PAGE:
This line from Frank Sinatra’s classic rendition of ‘Love and Marriage’ describes how the Philippine Health Insurance Corporation (PhilHealth) and the Philippine Medical Association (PMA) have been working together for years to make health care available and affordable to each and every Filipino. One ensures access, the other delivers the services.
This long-standing linkage is constantly challenged by developments in the local health care industry within which PhilHealth and the PMA operate. But these challenges all the more strengthened both organizations’ trust and confidence in each other, and the lessons learned have enabled both to withstand the pressures that come with making quality health care within reach of every Filipino family.
We sat down with PMA President Dr. Oscar D. Tinio recently to get his insights on various aspects affecting the medical profession. Asked to describe the current state of relationship between PhilHealth and PMA, Tinio said: Dapat magandang samahan ‘yan because we are the implementors of the health care system. We have to work with government, and the private sector will have to contribute largely to the health care delivery system because the government cannot provide everything. Technically, dapat nagtatrabaho tayo together. Ano’ng ginagawa ng PMA for PhilHealth? accreditation, peer review, yung mga clinical practice guidelines... they all come from the PMA, from the specialty societies of the PMA.
In terms of policy formulation and implementation, Tinio emphasized the need for the PMA to contribute equally to the development of PhilHealth policies affecting physicians and the health insurance system in general. “Let us be a part of it because we are very much a part of it. Let us know what to do, kausapin n’yo kami.” He was vocal about the case rates experience for which he claims the PMA was not consulted prior to implementation, saying they were merely informed about the new policy. “I’ve been President (of the PMA) for the past two years, it was implemented September last year, dapat alam ko ‘yan even during the formative processes and stages...”
It was this stakeholder sentiment on the case rates that thrust PhilHealth into the limelight late last year. But Tinio urged the PMA membership to give the new system a chance. “There was a promise that after six months there will be a review. We have to sit down and look at what goes on in the review,” he said, adding that the PMA, along with the Philippine Hospital Association (PHA) and the Private Hospitals Association of the Philippines (PHAP), have already submitted a position paper to PhilHealth recommending certain important changes in the case rate system. (Update: improvements in the case rates are expected to be discussed in the June 2012 board meetings of PhilHealth)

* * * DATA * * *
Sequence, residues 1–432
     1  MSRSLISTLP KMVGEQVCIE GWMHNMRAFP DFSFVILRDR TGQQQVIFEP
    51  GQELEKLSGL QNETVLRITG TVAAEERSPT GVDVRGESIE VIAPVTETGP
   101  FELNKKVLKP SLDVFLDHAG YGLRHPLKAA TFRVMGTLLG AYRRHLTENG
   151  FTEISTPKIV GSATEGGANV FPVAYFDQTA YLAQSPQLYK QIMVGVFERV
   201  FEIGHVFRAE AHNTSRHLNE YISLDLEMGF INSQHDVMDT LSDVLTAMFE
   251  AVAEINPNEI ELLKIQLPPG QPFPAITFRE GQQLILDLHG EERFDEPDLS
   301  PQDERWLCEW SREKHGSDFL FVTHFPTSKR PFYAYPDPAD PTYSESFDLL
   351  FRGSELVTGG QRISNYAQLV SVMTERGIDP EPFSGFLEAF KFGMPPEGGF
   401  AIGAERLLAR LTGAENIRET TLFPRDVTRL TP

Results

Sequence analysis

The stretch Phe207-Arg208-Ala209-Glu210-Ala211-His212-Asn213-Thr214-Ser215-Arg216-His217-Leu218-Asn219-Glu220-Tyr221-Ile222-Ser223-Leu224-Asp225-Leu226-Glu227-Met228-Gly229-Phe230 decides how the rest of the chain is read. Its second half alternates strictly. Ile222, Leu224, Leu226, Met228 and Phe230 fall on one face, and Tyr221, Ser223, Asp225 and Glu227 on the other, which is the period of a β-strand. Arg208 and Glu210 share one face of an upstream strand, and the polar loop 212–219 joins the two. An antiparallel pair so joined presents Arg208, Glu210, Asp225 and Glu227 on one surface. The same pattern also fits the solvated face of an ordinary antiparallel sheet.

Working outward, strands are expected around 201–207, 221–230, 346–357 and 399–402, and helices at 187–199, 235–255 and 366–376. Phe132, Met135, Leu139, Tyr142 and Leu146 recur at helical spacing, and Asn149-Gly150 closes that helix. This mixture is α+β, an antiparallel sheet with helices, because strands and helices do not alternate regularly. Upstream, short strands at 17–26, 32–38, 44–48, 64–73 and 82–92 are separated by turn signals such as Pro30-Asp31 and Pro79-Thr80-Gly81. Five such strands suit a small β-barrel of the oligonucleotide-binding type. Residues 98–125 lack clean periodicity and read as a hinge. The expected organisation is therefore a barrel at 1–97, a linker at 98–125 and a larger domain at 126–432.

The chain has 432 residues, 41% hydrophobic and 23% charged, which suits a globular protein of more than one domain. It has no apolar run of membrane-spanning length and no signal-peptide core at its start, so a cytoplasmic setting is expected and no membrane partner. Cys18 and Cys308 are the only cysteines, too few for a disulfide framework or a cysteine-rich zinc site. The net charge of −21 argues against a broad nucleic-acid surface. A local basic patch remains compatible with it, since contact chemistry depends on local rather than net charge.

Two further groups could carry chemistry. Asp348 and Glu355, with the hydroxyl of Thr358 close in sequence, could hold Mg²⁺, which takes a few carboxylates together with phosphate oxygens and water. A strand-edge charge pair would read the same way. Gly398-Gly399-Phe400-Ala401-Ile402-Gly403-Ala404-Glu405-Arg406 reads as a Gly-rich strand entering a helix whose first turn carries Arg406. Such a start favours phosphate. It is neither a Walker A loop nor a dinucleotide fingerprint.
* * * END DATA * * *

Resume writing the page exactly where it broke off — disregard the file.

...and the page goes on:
The case payment scheme is a provider payment method that reimburses a predetermined fixed rate for each treated case. The case rate amount is inclusive of hospital charges and professional fees (PF) of attending physicians. For medical conditions, 30% of the case rate amount goes to doctor’s PF; for surgical procedures, 40% goes to the doctor’s PF. While doctors generally posed no objections to this distribution, there are concerns on how the percentage amount will be divided among multiple doctors attending to a single patient. “But that is outside of PhilHealth now, it’s actually between us and the hospital,” Tinio said.
Apart from the case rates, PhilHealth also pays for other causes of confinements of its members through the fee-for-service mode, under which a two-tiered approach to remunerating physician’s services is observed. “It encourages the doctors to become specialists,” Tinio noted, but he laments the fact that the preferential consideration for specialists was apparently not considered under the case rate scheme. “Why is it that we no longer have the premium of being specialists when we provide for better service to our patients?”. He pointed out that what the doctors would like is for PhilHealth to recognize that there should still be a corresponding premium for the specialist. “You must give additional incentives and premiums to specialists, otherwise, bakit pa?”